Can you tell us a little more about how you ran the Requirements workshop?

Adi: The main objective was to get user stories: The workshop was built around the statement. As an X, I would like to Y in order Z.

It was structured similar to an un-conference where participants work in groups that self-organized around different prompts.

The first part of the workshop is focussed on finding out who the stakeholders were by answering the question “As an X, I would like to use data in order to Y.

This surfaced a number of stakeholders, too many to expand on fully in this half-day workshop. We put up all the stakeholders and asked the group to vote among them. This way we found the top priority stakeholders. Resultantly, we ended up with five stakeholders.

In the second part of the workshop, the group selected 1 of the 5 stakeholders and answered “As that stakeholder, I would like to use data in order to Y. This part of the workshop focussed on the problem the stakeholders would be solving.

The group sessions were run according to the “law of two feet” — people knew they only could stay in groups if they were contributing and were if they were interested in the conversation. If this changed, they could move around and find another group.

In the last part of the workshop, groups worked to identify all the ingredients that their stakeholders would need to solve their problem. They did this by answering “As a stakeholder, I would like X, in order to solve my problem.

After clustering these completed problem statements we ended up with 12 user stories. Clustering was useful for two reasons, one it validated the problem statement and meant that value delivered per problem statement increased.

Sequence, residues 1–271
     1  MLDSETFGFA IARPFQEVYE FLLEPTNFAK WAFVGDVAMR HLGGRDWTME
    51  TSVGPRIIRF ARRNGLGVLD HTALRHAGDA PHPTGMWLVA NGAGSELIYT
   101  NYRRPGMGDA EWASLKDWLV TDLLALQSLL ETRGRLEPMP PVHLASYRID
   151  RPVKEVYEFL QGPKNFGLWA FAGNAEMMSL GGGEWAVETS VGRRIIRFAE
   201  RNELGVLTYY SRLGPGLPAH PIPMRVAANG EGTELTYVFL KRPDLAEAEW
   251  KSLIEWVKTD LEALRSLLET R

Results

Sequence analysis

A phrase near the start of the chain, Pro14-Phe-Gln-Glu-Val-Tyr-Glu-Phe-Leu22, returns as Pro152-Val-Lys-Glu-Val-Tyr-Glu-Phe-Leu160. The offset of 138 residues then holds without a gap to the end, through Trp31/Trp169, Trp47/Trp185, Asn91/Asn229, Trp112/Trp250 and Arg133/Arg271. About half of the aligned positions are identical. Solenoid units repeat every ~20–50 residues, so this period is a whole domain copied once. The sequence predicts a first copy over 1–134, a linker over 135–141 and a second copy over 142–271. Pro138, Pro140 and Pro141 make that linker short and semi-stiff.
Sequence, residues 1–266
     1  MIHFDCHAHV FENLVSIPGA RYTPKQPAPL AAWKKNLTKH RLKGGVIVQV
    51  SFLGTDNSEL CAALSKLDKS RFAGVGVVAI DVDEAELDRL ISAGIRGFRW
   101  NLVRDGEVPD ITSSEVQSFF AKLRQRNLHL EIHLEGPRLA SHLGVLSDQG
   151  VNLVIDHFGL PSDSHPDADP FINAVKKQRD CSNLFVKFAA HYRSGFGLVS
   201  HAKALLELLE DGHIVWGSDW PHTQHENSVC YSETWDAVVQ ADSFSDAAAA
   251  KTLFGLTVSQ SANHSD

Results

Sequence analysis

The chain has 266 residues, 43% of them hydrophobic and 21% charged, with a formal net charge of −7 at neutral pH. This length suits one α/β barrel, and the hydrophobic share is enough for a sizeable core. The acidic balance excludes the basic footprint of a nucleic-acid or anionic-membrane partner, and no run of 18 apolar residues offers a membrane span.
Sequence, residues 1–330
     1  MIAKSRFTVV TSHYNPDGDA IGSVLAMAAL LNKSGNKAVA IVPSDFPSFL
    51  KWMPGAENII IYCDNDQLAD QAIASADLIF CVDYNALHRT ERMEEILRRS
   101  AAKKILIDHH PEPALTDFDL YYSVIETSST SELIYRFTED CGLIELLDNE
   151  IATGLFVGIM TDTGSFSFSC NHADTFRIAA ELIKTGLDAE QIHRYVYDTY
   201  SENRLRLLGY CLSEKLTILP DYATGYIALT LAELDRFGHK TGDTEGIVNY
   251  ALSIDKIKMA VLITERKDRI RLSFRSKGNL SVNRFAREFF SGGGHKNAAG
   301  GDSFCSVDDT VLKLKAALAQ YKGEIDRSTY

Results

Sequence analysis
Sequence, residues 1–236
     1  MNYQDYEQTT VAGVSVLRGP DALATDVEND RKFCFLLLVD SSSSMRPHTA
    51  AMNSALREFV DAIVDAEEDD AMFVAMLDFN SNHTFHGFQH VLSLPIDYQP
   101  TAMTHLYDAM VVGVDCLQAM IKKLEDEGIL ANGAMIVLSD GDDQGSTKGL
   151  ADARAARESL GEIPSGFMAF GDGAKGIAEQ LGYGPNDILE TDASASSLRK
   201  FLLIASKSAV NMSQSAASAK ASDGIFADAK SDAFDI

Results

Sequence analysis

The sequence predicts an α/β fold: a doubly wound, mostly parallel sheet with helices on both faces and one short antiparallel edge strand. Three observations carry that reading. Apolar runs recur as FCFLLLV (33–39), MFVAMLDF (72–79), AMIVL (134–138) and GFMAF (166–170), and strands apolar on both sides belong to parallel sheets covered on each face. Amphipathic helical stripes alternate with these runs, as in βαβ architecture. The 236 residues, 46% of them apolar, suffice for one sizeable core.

Problem statements at the start and at the end of the workshop.

Challenges of the workshop

Jen: We surfaced a lot of information. However, working through the requirements, I’ve noticed that there is not a 1–1 relation between dataset need and problem identified. Rather, users said they required multiple datasets to solve their problems. This makes it difficult to prioritize datasets.

Adi: We can validate dataset needs with the specific stakeholders that were identified. For example, we did not have a Community Leader in the group even though they were recognised as a stakeholder. This is bound to happen as you can’t have all users represented in a random sample that participates in a workshop.

What does success look like on this project?

Adi: Developing the tool of course. I’m excited about community development. The approach taken with acquiring the user stories created a community around the tool and project. The community can be tapped during development to support the project. The work we did with them now is an investment as down the line they can be users of the tool.

Jen: Delivering a high-quality tool. As we have the living repository, if at a later stage additional funding is attracted to the project, we can explore other user personas and it validates the work we did now.

We would like to thank everyone who participated in the Requirements workshops. Your input was invaluable. We look forward to creating this project with you.

Follow the development of Wazimap VPUU on twitter and here on our blog.



Calyn Pillay
Writer for

is a MSc Med (Bioethics & HealthLaw) candidate at Wits. Interested in Effective altruism, Human Rights and Parity.